"New opportunities and options":
Gaining a doctorate at the TUM
TUMstudinews: In the words of the President, Professor Herrmann, TUMs new doctoral degree regulations (PromO for short) are streamlined and up-to-date. What exactly is meant by that?
Andreas Haslbeck: Above all, they are in keeping with present-day requirements. The regulations open up brand new opportunities to obtain a doctorate at the TUM. They reflect the steep rise in interdisciplinarity on several levels. As from now, it is possible to obtain a doctorate at the Integrative Research Centers the Munich School of Engineering (MSE) and the Munich Center for Technology in Society (MCTS), for instance and not just at the faculties concerned. Both of these options are configured for a very wide range of topics and link the most diverse disciplines to one another.
TUMstudinews: Until now, the main criterion for selecting the PhD subject was the degree in which the student graduated. Above all, everyone kept within their particular field of specialization. Will that change now?
Haslbeck: The Bologna mutual recognition agreement alone has encouraged students to switch to another subject. Dividing the course of studies into a Bachelors and a Masters degree creates a clear break. So, in the past, when it came to embarking on a doctorate, many students asked themselves whether they were inspired more by the Bachelors part or the more hands-on, research-oriented Masters part?
TUMstudinews: The new doctoral degree regulations open up a lot of completely new subjects. Does this apply to students who studied at a university other than the TUM, such as humanities scholars, as well?
Haslbeck: Thats right. A graduates previous qualification used to determine the choice of doctoral thesis topic. In other words, a certain degree inevitably led to a particular doctorate. What matters now is that the content fits. For example, someone with a diploma in music can do a doctorate in engineering provided the subject-matter is compatible, as would be the case if he was interested in specific technical aspects of a musical instrument. We at the Institute of Ergonomics welcome graduates in psychology or medicine. This means that brand new prospects are now emerging for students and the choice of topics is much wider than before. A graduate in sports can opt for a subject from the field of civil engineering if it makes sense from the point of view of content.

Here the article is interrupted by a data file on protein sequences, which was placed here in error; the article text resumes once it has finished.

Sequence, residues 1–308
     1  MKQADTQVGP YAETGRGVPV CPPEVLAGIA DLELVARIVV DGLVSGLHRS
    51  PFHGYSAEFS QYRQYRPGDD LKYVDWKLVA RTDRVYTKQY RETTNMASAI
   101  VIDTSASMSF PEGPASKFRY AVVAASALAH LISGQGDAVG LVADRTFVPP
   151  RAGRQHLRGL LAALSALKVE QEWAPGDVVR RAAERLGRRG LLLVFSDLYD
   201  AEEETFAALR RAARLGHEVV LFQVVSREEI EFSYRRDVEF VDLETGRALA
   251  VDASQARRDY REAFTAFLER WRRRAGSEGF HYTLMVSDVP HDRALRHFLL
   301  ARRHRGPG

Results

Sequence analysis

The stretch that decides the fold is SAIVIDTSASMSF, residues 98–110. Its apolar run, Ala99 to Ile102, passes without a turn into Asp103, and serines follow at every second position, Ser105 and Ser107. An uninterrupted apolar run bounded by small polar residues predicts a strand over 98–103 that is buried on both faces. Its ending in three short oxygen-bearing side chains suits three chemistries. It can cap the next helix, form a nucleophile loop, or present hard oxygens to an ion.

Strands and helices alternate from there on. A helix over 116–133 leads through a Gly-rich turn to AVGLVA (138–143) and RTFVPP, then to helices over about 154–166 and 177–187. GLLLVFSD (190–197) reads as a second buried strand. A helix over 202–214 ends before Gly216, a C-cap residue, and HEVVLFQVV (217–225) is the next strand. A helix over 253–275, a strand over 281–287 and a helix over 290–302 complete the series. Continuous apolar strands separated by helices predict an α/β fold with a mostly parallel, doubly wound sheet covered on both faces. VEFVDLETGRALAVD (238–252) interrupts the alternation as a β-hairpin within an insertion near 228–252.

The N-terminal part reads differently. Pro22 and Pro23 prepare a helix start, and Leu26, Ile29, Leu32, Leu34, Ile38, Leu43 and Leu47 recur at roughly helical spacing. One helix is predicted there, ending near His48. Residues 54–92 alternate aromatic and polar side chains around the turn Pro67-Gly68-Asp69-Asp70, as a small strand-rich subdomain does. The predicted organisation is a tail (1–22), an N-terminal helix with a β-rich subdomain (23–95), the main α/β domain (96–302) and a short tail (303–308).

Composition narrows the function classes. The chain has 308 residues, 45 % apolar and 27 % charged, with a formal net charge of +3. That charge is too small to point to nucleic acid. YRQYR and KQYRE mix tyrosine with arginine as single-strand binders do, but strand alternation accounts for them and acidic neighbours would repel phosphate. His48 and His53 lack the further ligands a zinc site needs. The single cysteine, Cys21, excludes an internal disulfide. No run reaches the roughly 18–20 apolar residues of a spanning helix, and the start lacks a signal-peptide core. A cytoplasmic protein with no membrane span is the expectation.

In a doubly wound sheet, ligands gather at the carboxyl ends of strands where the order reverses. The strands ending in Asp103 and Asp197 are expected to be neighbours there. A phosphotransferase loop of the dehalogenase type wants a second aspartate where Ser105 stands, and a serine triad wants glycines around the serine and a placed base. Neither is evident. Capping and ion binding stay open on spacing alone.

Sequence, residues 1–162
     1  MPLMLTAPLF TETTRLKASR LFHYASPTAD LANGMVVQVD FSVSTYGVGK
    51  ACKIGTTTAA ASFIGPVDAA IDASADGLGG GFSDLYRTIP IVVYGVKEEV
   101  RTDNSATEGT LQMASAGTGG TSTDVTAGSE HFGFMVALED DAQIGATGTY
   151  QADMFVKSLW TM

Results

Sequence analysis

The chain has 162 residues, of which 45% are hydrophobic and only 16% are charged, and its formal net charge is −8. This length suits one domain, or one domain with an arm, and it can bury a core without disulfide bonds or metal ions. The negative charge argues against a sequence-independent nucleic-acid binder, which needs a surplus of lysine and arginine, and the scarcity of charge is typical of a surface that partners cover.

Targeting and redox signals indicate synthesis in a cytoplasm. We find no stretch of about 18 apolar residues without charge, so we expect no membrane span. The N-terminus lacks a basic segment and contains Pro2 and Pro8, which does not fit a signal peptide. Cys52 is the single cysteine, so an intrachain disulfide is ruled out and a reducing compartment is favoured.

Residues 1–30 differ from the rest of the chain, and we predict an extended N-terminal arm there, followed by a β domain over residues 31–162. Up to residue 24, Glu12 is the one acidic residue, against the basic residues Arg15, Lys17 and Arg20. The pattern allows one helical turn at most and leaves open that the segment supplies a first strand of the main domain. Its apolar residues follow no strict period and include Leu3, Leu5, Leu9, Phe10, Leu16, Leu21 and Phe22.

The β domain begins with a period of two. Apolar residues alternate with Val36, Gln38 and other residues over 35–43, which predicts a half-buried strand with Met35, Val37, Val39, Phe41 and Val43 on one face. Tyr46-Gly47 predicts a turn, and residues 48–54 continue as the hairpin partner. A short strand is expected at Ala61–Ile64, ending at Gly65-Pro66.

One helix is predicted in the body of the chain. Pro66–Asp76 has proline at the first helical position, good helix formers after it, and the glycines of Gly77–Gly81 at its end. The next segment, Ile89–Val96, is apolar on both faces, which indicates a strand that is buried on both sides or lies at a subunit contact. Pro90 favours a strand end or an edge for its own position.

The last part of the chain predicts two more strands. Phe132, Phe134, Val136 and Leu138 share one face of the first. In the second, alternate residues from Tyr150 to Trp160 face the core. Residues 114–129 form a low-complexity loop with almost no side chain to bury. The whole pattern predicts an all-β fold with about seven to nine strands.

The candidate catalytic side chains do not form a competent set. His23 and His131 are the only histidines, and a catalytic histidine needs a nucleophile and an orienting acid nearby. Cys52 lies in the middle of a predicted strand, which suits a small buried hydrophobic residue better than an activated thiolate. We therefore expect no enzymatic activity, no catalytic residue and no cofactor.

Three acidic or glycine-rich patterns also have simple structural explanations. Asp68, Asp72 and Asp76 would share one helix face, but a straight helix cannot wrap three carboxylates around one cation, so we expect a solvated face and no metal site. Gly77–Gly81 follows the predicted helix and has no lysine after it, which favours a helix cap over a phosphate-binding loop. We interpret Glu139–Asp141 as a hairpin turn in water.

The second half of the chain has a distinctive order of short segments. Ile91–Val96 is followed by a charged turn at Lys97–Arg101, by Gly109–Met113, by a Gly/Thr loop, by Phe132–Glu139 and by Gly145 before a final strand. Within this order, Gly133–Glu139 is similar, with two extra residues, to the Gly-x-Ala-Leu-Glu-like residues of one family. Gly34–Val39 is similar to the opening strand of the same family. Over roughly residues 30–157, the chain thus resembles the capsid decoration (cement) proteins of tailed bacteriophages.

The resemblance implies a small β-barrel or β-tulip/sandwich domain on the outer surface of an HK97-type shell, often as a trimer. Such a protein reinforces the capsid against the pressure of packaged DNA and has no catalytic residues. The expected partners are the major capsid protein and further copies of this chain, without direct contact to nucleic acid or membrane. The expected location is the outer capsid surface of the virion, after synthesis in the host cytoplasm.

TUMstudinews: So there are more possibilities in terms of subject-matter. From now on, there will also be a wider range of doctoral titles.
Haslbeck: Here again, TUM is also responding to the growing trend towards interdisciplinarity. A greater distinction will be made between the various medical titles; besides Dr. med. there will also be Dr. med. sci., for example, which indicates that the title holder is a member of the TUM Graduate School and also stands for a greater emphasis on the scientific aspects.
TUMstudinews: The so-called cumulative thesis will in future be known as the publication-based thesis. What does that mean?
Haslbeck: The old ruling used to be: First obtain your doctorate and then you can start publishing articles. It´s the other way round now: powerful publications can be incorporated in the thesis. In this context, the word powerful means the articles have to appear in one or more journals, and to be of international interest it has to be written in English. The articles also have to have been peer reviewed, and the minimum requirement is two essays at the least.
TUMstudinews: In other words, articles that have already been published can also be used. Does this mean that obtaining a doctorate now involves less work?
Haslbeck: That doesn´t make it any easier. Every publication calls for a great deal of preliminary work and takes a long time to prepare up to one year in some cases. And not every topic or subject-matter produces powerful publications. The sciences tend to stand a better chance in this respect. In my area of interest, Ergonomics, for example, articles are often published in German. That creates a low impact factor.
TUMstudinews: One important point that is firmly anchored in the new doctoral degree regulations is the supervision agreement drawn up between the doctoral candidate and the professor.
Haslbeck: The supervision agreement was one of the key features of the Graduate School right from the start. I consider it to be absolutely essential. It is like a target agreement between the doctoral student and his academic supervisor and means more supervisory responsibility for both parties. I strongly recommend that everybody becomes acquainted with this kind of thing as early as possible and starts contemplating what he or she wants, what he needs, what he can do and what it should lead to at the earliest possible opportunity. It is needed later on in the business world, as well.
Andreas Haslbeck (31) is doing a doctorate at the Institute of Ergonomics in Garching and his research focuses on the manual flying skills of airline pilots, the effects of their training and factors that influence flight safety. Alongside his doctoral studies, he also carries out numerous organizational duties and is also actively involved in university politics: in his role as spokesperson of TUMs Graduate Council, he represents the interests of all doctoral candidates at the TUM Graduate School and is a member of the Academic Senate.
(Interview: Verena Meinecke)